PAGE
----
Art's Greatest Hidden Meanings

Discover the clandestine messages you might have missed in some of the world's greatest artworks

By Google Arts & Culture

The Last Supper (c.1515-20) by Attributed to Giampietrino and Giovanni Antonio BoltraffioRoyal Academy of Arts

Great art is able to convey so much more than just colour and form. It can communicate emotions and ideas, tell stories and even challenge and confuse. Not all of this is immediately evident and it can take time and effort to work out the true meaning of any work.    

For the most part, the artist wants the viewer to understand the context and meaning of any painting. But that’s not always the case. Sometimes artists include hidden messages in their work, hiding them away so that only a select few people can understand their true significance.
Below we look at five paintings and discover the hidden messages not everybody was supposed to see. 

Terrace of a café at night (Place du Forum) (c. 16 September 1888) by Vincent van GoghKröller-Müller Museum

Café Terrace at Night

Vincent Van Gogh, 1888

Painted in 1888, Van Gogh’s classic is one of his most recognizable works. The scene depicts a seemingly ordinary café on a cobbled street. A waiter stands to take an order while patrons sit around leisurely. 

However, scholars have begun to believe the painting features an homage to Leonardo da Vinci. The twelve figures at the back sit beneath what looks like a cross. It also transpires Van Gogh declared a ‘tremendous need for religion’ in a letter to his brother around this time. 

The 12 sit along one side of their tables, like Leonardo's disciples, and a shadowy figure departs the scene like Judas.

The Last Supper (c.1515-20) by Attributed to Giampietrino and Giovanni Antonio BoltraffioRoyal Academy of Arts

The Last Supper

Leonardo da Vinci, 1490s

Of course, The Last Supper itself is said to contain hidden messages. As one of the most famous paintings in history, and a deeply important religious work, it's not surprising that people have often looked hard for deeper meanings.

In 2007, an Italian musician claimed to have found a selection of musical notes in the painting, hidden in bread rolls and other table features. When played they create a 40-second composition. It’s not impossible, given that Leonardo was a fine musician himself.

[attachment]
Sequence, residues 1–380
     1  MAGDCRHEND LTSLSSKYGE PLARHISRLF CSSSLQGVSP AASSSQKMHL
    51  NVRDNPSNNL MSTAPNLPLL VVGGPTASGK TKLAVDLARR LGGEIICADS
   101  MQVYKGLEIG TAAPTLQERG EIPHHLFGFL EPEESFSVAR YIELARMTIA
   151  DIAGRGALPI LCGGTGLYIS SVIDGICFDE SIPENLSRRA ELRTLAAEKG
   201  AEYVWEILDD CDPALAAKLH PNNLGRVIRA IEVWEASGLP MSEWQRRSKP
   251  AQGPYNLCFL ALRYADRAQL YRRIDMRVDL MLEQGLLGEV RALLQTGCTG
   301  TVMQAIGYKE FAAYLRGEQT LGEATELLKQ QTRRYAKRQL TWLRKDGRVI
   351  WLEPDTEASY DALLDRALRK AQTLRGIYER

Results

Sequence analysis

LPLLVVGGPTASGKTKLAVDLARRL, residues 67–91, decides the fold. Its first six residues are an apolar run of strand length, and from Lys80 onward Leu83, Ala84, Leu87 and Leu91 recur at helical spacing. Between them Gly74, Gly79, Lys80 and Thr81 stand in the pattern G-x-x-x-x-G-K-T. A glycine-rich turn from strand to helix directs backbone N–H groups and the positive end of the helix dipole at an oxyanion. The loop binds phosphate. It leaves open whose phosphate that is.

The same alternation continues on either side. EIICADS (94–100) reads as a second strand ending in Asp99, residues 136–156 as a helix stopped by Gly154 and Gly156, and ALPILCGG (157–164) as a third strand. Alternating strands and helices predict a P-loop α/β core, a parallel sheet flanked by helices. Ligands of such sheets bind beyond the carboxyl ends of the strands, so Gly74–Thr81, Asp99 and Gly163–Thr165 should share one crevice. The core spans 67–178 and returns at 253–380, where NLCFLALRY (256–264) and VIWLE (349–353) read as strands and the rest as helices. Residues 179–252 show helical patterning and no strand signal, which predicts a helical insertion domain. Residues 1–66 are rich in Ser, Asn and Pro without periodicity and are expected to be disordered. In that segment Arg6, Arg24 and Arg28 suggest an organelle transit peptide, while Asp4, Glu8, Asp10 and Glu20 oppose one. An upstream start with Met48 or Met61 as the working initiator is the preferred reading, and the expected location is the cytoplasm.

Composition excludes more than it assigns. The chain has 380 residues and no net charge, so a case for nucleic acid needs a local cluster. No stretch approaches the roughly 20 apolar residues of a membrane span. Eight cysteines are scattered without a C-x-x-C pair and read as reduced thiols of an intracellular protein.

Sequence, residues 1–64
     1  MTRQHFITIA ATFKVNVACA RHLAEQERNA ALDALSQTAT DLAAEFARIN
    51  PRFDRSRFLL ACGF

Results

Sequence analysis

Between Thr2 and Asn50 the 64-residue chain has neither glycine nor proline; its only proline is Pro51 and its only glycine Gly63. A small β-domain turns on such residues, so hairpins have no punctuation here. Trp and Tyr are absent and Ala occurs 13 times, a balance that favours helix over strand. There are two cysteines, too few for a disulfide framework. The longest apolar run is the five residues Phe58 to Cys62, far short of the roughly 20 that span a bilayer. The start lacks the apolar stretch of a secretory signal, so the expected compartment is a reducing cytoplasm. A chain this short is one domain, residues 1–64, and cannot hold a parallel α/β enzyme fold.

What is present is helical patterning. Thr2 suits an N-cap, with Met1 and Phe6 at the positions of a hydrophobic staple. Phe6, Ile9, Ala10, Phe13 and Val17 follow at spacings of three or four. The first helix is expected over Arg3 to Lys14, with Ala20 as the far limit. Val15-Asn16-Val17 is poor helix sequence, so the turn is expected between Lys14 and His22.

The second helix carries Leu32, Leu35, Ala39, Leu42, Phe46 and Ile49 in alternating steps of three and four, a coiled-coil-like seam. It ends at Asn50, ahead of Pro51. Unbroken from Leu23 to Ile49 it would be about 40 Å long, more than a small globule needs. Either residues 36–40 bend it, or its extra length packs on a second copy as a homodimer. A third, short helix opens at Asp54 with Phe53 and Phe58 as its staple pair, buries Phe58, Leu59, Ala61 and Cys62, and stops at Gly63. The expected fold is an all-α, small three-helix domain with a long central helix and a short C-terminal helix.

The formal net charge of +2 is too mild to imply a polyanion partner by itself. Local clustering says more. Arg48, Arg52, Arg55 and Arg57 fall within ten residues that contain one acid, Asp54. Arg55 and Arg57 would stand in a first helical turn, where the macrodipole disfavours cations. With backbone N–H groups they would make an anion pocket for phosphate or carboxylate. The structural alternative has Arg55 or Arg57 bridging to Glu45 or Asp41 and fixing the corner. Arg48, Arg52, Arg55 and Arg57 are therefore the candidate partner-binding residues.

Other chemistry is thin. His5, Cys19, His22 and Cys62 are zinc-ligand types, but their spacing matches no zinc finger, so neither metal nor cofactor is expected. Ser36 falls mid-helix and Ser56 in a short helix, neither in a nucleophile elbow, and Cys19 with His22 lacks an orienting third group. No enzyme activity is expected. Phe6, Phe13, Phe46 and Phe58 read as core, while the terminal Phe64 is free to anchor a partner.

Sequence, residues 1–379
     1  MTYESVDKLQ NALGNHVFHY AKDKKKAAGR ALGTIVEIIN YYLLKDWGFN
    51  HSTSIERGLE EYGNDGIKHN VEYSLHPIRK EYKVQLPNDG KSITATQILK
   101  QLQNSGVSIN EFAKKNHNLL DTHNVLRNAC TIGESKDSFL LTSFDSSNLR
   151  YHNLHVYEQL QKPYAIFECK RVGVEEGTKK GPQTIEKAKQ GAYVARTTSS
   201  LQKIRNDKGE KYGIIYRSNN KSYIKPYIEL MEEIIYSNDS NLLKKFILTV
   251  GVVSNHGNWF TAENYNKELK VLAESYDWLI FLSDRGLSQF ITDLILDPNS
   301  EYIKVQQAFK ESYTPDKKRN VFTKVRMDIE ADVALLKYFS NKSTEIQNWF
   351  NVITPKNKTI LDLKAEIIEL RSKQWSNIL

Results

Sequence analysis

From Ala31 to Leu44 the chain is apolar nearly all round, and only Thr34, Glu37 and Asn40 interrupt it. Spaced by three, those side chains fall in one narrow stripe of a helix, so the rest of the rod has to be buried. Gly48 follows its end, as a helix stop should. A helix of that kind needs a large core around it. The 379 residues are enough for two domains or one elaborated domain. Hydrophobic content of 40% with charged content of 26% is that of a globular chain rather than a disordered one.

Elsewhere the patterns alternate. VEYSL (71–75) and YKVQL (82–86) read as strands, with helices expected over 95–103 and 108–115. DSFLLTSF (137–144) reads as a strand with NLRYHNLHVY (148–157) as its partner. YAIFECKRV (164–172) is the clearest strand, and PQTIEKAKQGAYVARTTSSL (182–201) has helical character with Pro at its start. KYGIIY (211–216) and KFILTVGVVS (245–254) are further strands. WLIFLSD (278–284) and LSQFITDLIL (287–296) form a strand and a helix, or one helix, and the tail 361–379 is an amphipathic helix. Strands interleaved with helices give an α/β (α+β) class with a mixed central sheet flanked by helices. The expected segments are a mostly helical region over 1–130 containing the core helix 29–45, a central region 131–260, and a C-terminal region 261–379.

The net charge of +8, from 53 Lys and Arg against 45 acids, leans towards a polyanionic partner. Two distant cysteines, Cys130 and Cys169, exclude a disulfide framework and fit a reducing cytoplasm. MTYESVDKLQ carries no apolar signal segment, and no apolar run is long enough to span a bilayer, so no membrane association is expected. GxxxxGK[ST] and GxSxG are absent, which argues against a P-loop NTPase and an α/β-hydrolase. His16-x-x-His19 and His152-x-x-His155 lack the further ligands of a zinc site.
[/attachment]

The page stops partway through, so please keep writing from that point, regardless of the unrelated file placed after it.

El Autobus

Frida Kahlo, 1929

Not all hidden meanings are meant to be publicly discovered. This is especially true of Kahlo’s El Autobus. What appears to be a simple depiction of Mexican society laid out on a wooden bench at a bus stop may have a more personal tone.

Four years before she painted it, Kahlo had been involved in a bus accident that left a permanent scar. The woman to the right of the picture appears to be Kahlo and the man in the blue overalls apparently bears a striking resemblance to the man who pulled an iron bar from her stomach after the accident.   

Blitzed Site (1942 - 1942) by LS LowryThe Lowry

An Accident

L.S. Lowry, 1926

L.S Lowry’s pictures are renowned for depicting working class life in the north west during the early to mid 20th century. His matchstick figures have entered the popular consciousness, even inspiring a song.

However, his pictures are more than just happy matchstick people going about their day. Many contain small scenes of hardship and despair. This is particularly true of 1926’s An Accident which may feature a scene inspired by a local tragedy – giving his works a much deeper social meaning. 

Pai Michelangelo. Sistine Chapel.LIFE Photo Collection

The Sistine Chapel

Michelangelo, 1477-1480

One of the great figures of the Renaissance, Michelangelo took years to create his masterpiece on the Sistine Chapel ceiling. However, there may be more on display than simply incredible beauty.

Art historians believe his work contains several hidden anatomical sketches, including an image of the human brain, disguised in the creation scene. This is believed to be a criticism of the Church’s attitudes to the science and discovery that was happening all around. 

The Last Supper (c.1515-20) by Attributed to Giampietrino and Giovanni Antonio BoltraffioRoyal Academy of Arts

Now you know about some of art's great hidden meanings. You can find out more about da Vinci and how he painted here.

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The story featured may in some cases have been created by an independent third party and may not always represent the views of the institutions, listed below, who have supplied the content.
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